When I was 14-years old, I found a pickup truck in the woods. It was an old truck, like the kind seen swerving over buttock-shaped hills in a Grant Wood painting. Whatever color it had once been, it was now rust red. The windshield and windows were cracked, busted, or simply gone. Whether or not it still had tires was hard to say since it was half-buried in the earth. Leaves and vines and dirt were piled in the cab and bed. Bullet holes riddled the door.
I’d spent most of my childhood looking for that truck, or something like it. The subdivision where I grew up was as middle class Americana as you could get, an endless series of streets lined with model homes, clean lawns, and adorned with names that wouldn’t be out of place on the front door of an antique shop. Between each cul-de-sac was a patch of woods cut through with little creeks.
It was a great place to grow up. We kids spent the the long after school afternoons and longer summer days running about the place along bike paths and through drainage tunnels, a practice out parents promised would inevitably lead to death by drowning. We did not listen. We climbed trees, we crawled into caves, we caught craw fish in the creeks, and we mapped out the little world we had at our feet. It seemed big enough for us, then, and filled with enough mystery. We saw a deer once, after all.
Woodcroft, as the place is called, was built on a tract of land where absolutely nothing ever happened. The great, sweeping history of the South had passed it by with nary a Civil War battlefield, Indian burial mound, or haunted plantation house left over. Like most of suburbia, it was a place without a history. So, we the children had no choice but to invent one.
The quiet little dells between tract housing became not the last vestiges of wilderness in suburban sprawl, but dark forests filled with ravening black wolves, dinosaurs, and buried treasure. We secretly hoped, like Dorothy, Wendy, Alice, Max in Where the Wild Things Are, or Jennifer Connelly in Labyrinth, to stumble across the gates to a magical other world that was waiting to crown us kings.
We knew, of course, that it wasn’t true, but we told ourselves it was and that was enough. For a while, at least. We explored, we delved, and we hoped that in each new cave we found there’d be a gold-laden pirate ship straight out of Goonies or a portal straight to Narnia.
By the time I reached middle school, the Woodcroft woods had begun to lose their magic. We were becoming adults, or young adults, at least, and it was no longer really possible to buy our own tall tales of hidden dinosaurs, crates of gold, and doors to lost worlds. The real world was a lot damn bigger than we’d known and its great mysteries were clearly not contained in the half acre of trees between Winterberry Ridge Rd. and Old Fox Trail. The woods were empty. Besides, there were girls now.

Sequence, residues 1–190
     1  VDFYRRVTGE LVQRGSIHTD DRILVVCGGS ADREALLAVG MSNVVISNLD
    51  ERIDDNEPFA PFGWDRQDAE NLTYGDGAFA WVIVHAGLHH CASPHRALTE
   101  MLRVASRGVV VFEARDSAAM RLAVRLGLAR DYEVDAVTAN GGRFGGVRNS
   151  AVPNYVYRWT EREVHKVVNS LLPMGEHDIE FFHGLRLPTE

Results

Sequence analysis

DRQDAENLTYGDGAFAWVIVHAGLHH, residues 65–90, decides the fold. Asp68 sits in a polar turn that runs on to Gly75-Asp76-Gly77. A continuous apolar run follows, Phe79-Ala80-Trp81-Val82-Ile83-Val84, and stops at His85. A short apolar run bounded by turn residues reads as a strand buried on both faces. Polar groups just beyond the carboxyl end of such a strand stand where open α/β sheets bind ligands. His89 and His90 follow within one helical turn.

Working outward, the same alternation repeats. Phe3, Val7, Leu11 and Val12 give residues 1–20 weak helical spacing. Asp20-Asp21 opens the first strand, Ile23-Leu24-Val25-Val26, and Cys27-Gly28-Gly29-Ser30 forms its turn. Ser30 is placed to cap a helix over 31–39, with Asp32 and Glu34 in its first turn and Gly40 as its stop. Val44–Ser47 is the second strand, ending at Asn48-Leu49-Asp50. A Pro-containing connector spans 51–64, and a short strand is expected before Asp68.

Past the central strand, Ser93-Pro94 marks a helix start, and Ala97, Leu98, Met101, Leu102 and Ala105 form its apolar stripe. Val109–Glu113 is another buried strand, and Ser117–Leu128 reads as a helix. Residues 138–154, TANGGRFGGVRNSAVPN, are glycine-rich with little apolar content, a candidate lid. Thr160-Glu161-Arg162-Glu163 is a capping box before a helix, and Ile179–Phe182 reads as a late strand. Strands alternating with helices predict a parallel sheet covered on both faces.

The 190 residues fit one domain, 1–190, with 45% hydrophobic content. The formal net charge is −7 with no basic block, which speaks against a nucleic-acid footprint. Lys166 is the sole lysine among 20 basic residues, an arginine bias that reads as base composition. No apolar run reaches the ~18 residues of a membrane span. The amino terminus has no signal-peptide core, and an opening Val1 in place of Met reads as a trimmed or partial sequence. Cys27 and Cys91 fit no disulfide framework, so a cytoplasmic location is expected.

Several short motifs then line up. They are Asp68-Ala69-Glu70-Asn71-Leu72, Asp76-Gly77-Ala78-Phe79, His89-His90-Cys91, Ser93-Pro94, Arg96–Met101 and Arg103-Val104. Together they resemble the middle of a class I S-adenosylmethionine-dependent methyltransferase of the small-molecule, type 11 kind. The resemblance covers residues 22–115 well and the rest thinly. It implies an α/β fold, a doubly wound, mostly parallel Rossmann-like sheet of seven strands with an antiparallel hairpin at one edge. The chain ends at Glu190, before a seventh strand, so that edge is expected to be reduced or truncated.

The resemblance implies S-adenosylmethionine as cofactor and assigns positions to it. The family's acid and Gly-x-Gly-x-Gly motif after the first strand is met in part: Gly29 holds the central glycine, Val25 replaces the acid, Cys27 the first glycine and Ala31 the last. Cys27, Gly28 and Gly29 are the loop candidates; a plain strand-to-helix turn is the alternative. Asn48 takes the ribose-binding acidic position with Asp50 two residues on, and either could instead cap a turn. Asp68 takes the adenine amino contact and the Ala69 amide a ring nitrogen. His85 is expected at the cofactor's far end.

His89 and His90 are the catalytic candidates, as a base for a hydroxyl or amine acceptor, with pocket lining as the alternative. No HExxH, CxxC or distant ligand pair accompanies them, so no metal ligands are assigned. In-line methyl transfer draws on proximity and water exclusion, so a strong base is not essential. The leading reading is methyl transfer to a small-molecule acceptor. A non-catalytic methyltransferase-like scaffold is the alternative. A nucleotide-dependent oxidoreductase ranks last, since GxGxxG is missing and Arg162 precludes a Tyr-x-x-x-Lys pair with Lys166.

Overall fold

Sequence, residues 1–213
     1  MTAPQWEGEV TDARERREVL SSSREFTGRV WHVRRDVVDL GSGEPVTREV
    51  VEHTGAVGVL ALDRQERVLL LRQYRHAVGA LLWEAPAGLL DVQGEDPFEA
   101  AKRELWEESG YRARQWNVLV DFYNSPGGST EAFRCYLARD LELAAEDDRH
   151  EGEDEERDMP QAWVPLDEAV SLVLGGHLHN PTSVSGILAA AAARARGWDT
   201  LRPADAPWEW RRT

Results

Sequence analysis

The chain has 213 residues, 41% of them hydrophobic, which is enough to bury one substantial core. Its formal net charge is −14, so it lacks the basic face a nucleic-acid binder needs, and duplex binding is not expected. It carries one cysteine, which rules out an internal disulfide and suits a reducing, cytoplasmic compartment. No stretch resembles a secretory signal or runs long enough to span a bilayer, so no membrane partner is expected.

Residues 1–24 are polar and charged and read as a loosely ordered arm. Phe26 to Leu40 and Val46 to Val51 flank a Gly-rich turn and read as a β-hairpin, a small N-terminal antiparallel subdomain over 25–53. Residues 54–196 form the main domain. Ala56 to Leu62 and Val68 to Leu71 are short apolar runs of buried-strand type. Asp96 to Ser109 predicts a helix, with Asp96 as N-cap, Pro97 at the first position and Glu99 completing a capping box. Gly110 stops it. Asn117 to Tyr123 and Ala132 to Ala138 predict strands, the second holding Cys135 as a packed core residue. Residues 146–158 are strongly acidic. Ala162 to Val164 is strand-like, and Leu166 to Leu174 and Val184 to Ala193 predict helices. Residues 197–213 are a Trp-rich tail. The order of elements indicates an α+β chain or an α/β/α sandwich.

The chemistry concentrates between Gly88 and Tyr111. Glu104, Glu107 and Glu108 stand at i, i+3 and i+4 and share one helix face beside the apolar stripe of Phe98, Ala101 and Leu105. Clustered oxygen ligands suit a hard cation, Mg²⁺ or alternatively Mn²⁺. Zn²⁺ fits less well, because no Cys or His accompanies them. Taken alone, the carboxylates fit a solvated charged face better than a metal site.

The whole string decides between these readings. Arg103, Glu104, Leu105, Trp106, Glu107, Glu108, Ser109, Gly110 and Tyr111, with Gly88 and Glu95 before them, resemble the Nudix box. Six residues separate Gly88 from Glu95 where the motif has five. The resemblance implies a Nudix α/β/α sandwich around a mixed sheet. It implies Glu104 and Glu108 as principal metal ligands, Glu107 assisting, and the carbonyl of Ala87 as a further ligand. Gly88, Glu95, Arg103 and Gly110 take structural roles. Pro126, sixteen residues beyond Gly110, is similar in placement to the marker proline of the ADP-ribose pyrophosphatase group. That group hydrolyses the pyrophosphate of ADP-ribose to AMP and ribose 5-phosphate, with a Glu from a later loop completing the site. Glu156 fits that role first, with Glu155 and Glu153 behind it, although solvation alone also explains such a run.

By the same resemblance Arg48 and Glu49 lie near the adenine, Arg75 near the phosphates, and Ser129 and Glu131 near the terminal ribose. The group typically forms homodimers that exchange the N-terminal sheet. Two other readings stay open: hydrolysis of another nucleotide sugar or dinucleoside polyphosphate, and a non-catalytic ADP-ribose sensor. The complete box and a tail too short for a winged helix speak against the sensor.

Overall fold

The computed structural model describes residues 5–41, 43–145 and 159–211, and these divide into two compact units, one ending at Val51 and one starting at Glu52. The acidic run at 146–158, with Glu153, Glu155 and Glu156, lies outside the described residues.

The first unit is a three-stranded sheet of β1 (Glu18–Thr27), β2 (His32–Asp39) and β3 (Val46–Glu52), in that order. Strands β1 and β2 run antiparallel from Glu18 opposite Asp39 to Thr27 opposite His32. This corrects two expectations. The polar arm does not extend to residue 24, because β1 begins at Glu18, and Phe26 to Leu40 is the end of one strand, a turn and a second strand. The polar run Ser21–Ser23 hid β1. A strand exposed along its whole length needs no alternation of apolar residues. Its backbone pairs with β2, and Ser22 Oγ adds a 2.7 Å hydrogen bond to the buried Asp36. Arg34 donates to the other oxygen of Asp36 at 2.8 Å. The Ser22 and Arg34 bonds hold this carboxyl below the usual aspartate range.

The day we found the bullet-riddled truck was one of the last times I ever went into those woods. My friend Brian and his friend, whose name I don’t remember, went walking through the woods behind Brian’s house. Brian lived not far from us, but his little tract of woods was different than mine. A few years earlier and this would have seemed like walking into a foreign country, but now it was just so many trees. We weren’t exploring, just killing time. Being a 14-year old boy who is afraid of girls means you spend a lot of time trying to do anything to distract your mind from the one thing you actually want to be doing but have no idea how to actually go about doing.
We walked straight back into the woods, boredom compelling us to see how far we could go. We stumbled across the truck after an hour or so of walking. It was like a gut-punch. Here, after all these years, was the very thing we’d been looking for. A piece of the past. A bit of history. An honest-to-God enigma. We poked around the truck for a while, looking for come clue to its origin. We didn’t find anything. It started to get dark, so we headed back to Brian’s place, theorizing the whole way about how that truck ended up rusted-out and half-buried in a suburban forest. We didn’t come up with anything convincing.
I think of that rusted truck now as the symbol of the end of my childhood. Not the actual end, of course, since the transition from childhood to adulthood is long and complicated and has many milestones, most of them involving sexual humiliation. But I never went much into the woods after that. The truck had changed them for me. I knew they weren’t filled with thrilling adventures, and now I knew they weren’t empty either. But I didn’t want to find what was there anymore. The truck was unsettling.
The woods have their mysteries, after all, but they are largely inexplicable; mysteries we can’t wrap our heads around, questions without answers. As we get older, we find the same pattern in all those grown-up things we thought would be so simple as children: friendships, marriages, careers, living. Life in the adult world holds the solutions to its mysteries as close to the vest as the forest does.
We never did discover dinosaurs, pirate gold, or the entrance to Narnia in the woods, just a rusted-out pickup and with it a world we’d already been living in for 14 years, a world that was waiting for us to find it.